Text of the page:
How Far Should You Drive for A Good Run?

Living just an hour south of San Francisco puts me in close proximity to some of the most beautiful running trails in North America. Moreover, the climate and extensive list of wonderful people that share my dream of running at the highest level, make it very tempting to drive to the optimal training location each day.

Read: Summer Wildflowers on Bay Area Trails

For most people; however, time constraints lead them to run on the trail or road that is most convenient and embrace the days they have time to meet up with their favorite training partners at the most beautiful park in town. Occasionally, a holiday or low volume week at work will allow us to be more selective about our training environment. At these times it can become very difficult to determine, how far is too far to drive for a run in a beautiful place and/or with your most ideal training partner.

A good rule of thumb is that your round trip commute time should be less than the time you plan to spend running.

ROUND-TRIP COMMUTE < RUNNING TIME

Understanding the significant impact our environment has on our success in training and in life, use the point system below to make the right decision when determining how far you should drive for your ideal run!

Subtract 5 Minutes from Commute Time If:

You will be experiencing a new trail, road, or park

You only have access to this park during “this” season

You will be surrounded by nature and terrain that is significantly different than what you have access to on a regular basis

The Forest of Nicene Marks Author- Chantelle Wilder thinks the 45 minute commute is well worth it!

Subtract 7 Minutes from Commute Time If:

You have the opportunity to run with an ideal training partner, or good friend (Learn more about Choosing Your Ideal Training Partner)

You have coordinated an interval session and will benefit significantly from your teammates company

You can kill two birds with one stone by checking off an errand that needed to be run nearby the trailhead

Finally, if you plan to grab a post-run coffee or meal with one of your teammates or a friend who lives in that area, subtract this “post-run play time” from your commute as well!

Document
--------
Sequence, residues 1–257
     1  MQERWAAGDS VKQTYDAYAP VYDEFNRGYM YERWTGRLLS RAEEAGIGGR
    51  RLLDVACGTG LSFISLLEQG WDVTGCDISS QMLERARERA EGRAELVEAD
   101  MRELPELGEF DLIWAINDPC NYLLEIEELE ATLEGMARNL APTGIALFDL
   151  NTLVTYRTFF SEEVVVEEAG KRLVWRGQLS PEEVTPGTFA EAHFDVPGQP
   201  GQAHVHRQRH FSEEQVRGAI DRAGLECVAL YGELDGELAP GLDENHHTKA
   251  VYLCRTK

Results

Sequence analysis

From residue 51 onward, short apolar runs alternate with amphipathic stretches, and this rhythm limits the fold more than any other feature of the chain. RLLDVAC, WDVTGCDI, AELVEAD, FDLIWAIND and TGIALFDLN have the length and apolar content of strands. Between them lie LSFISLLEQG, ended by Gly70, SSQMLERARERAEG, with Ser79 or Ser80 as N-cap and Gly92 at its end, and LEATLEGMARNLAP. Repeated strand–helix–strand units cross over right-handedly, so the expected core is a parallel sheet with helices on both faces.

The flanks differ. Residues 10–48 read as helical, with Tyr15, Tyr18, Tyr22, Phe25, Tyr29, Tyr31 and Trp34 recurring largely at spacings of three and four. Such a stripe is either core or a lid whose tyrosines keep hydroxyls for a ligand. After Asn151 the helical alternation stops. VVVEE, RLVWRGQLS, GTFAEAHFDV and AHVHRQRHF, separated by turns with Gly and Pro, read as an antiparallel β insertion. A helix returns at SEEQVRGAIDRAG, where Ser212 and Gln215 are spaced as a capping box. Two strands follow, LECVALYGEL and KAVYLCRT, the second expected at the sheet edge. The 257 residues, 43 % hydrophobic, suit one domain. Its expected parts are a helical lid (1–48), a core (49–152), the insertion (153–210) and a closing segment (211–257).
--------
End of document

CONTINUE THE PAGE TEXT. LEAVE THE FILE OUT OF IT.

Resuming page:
Keep in mind, that running in a new place, or with new faces can be very refreshing to your training and highly recommended for those who may have experienced a plateau in their running success.

 

About the Author: Chantelle Wilder is the Senior Editor and Co-Founder of Runners Feed. She also competes for the New Balance Silicon Valley Club in the Bay Area of California. When she isn’t running, or editing she can be found enjoying the fruitful wines of nearby Napa Valley while challenging her husband to a game of Bananagrams®.

Author: Chantelle

Chantelle is a member of the New Balance Silicon Valley racing team and a proud lululemon athletica run ambassador. Chantelle earned herself a scholarship at The University of Hawaii where she went on to captain the Cross Country and Track & Field Teams. A few months after graduating and getting married to her biggest fan, Chantelle qualified to compete for CANADA at the 2009 World Cross Country Championships. In the spring of 2010 she placed 5th at the Canadian Half Marathon Championships in her debut race at this distance and in the spring of 2011 ran a time of 1:16 at The NYC Half Marathon. She is currently coaching at Santa Clara University in California and preparing for her marathon debut in Chicago.